• Foot Length (M)

Specific Measurements

Measuring Seat Dimensions

Remember to have patient sitting on a flat, firm surface for accurate measurements

Seat Dimensions Image

How to measure SEAT WIDTH (C): Measure from widest point to widest point of the hips, including all residual tissue

How to measure SEAT DEPTH (K): Measure from the buttocks, including any excess tissue, across the femur to the popliteal fossa
Then subtract 2"

Measuring Back Support Dimensions

Back Support Dimensions Image

How to measure SHOULDER WIDTH (A): Measure from humeral head to humeral head, incorporating excess tissue

How to measure CHEST WIDTH (B): Measure from axilla to axilla. This measurement helps determine back support width.

 

Back Support Dimensions Image 2

How to measure HEIGHT (G or H): Measure the patient in the position you are striving to achieve

* Measure both sides L & R in case of scoliosis and/or a pelvic obliquity
* An average back support height for a self propeller is 16” tall, unless you have an active client who requires more freedom of movement and is more independent.

Measuring STFH/Lower Leg Length

Lower Leg Length Dimensions Image

How to measure LOWER LEG LENGTH (L): Measure from the top of the patient's seat (top of cushion if applicable) to the floor

Measure with feet on floor (with shoes that they normally wear or barefoot if they do not normally wear shoes) and measure bottom of foot/shoe to popliteal fossa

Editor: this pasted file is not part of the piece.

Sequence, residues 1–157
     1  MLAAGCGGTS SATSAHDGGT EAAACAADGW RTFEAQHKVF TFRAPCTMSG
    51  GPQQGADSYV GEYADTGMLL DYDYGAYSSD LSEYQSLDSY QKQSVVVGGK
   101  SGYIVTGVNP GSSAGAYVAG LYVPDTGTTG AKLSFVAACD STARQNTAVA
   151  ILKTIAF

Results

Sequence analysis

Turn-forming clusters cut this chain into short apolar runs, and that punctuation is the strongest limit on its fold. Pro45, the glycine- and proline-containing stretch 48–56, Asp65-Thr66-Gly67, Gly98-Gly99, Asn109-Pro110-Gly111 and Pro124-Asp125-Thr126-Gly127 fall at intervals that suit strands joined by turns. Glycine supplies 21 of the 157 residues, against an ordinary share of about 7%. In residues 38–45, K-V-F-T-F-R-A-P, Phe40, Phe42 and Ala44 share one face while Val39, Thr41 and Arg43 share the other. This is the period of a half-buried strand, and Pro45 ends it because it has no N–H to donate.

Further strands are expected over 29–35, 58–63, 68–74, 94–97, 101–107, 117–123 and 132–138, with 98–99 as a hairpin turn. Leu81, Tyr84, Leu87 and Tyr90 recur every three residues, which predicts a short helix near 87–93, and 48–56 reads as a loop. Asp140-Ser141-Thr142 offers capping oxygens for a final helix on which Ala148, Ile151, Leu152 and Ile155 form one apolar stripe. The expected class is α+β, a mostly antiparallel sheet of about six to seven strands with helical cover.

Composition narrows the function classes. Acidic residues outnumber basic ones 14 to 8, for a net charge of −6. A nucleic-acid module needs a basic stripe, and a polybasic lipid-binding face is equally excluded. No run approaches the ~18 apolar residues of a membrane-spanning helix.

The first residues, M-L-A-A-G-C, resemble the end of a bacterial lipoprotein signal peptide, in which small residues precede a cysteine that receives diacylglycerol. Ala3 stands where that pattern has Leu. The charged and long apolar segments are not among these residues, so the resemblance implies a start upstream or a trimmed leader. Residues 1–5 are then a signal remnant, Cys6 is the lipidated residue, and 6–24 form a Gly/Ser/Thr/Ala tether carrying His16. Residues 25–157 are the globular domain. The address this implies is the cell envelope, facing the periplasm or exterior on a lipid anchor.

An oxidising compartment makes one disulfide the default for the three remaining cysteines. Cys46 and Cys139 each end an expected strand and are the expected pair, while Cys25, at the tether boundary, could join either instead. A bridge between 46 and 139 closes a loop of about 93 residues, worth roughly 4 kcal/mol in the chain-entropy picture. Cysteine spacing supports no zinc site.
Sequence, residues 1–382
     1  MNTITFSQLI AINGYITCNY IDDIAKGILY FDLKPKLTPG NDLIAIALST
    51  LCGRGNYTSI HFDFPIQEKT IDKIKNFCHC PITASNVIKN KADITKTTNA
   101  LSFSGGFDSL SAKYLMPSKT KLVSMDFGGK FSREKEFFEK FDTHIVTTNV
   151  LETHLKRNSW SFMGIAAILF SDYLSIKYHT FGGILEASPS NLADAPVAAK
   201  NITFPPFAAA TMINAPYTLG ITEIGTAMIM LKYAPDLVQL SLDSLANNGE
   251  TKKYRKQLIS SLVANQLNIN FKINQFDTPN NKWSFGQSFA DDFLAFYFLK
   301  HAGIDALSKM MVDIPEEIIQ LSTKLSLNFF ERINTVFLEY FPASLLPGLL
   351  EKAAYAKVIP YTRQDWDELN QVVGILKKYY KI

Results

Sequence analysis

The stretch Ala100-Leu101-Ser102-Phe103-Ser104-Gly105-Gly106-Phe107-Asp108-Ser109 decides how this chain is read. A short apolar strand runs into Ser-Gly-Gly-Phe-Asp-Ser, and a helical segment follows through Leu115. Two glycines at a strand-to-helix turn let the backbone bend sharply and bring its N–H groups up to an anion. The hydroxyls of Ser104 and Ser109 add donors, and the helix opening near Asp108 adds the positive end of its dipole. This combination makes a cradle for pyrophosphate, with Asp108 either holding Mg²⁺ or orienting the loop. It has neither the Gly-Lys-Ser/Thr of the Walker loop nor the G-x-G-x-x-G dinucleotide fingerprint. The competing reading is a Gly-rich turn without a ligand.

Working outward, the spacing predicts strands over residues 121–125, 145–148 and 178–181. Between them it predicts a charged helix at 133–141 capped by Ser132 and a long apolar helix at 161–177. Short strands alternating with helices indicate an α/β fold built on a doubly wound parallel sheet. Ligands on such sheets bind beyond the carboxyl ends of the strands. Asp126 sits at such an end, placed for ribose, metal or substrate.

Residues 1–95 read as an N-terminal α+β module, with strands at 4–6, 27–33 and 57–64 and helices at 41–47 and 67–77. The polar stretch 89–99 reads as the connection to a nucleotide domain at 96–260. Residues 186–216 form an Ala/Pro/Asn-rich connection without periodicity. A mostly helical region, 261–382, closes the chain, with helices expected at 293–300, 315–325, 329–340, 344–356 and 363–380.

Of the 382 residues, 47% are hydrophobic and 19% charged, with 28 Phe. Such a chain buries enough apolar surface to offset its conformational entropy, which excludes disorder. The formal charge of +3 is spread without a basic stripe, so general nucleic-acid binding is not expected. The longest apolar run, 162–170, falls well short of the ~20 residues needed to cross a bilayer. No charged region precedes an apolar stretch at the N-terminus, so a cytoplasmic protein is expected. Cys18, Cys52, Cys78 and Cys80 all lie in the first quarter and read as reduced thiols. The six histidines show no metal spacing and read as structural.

* There must be a 2” clearance between foot plate and floor to clear thresholds.
* If providing the patient with a new cushion, remember to consider the thickness of the desired cushion and adjust STFH accordingly.

Measuring Arm Rest Dimensions

Arm Rest Dimensions Image

How to measure ARM HEIGHT (I): Seat your patient with shoulder in neutral and elbow bent at his or her side to 90°

Measure from top of seat to under forearm/elbow

How to measure ARM LENGTH (J): If patient needs a specialized arm length, measure from end of elbow to where the therapist wants the desired replacement arm support to end

* Measure both side in case of pelvic obliquity/scoliosis. This will justify the need for a model of wheelchair with adjustable height arm rests.

Head Support Positioning

Heat Support Dimensions Image

There is no miracle formula for fitting a patient for a proper head support

  • The rest of the body must be in the best alignment possible before trying to fit for a head support
  • Remember that head position changes constantly with the slightest body movement
  • Aim to position the pad in the suboccipital area 
  • Choose a head support with lateral, anterior/posterior, height, and angle adjustability

* Head support hardware that has offset capabilities accommodates patients with head position out of midline.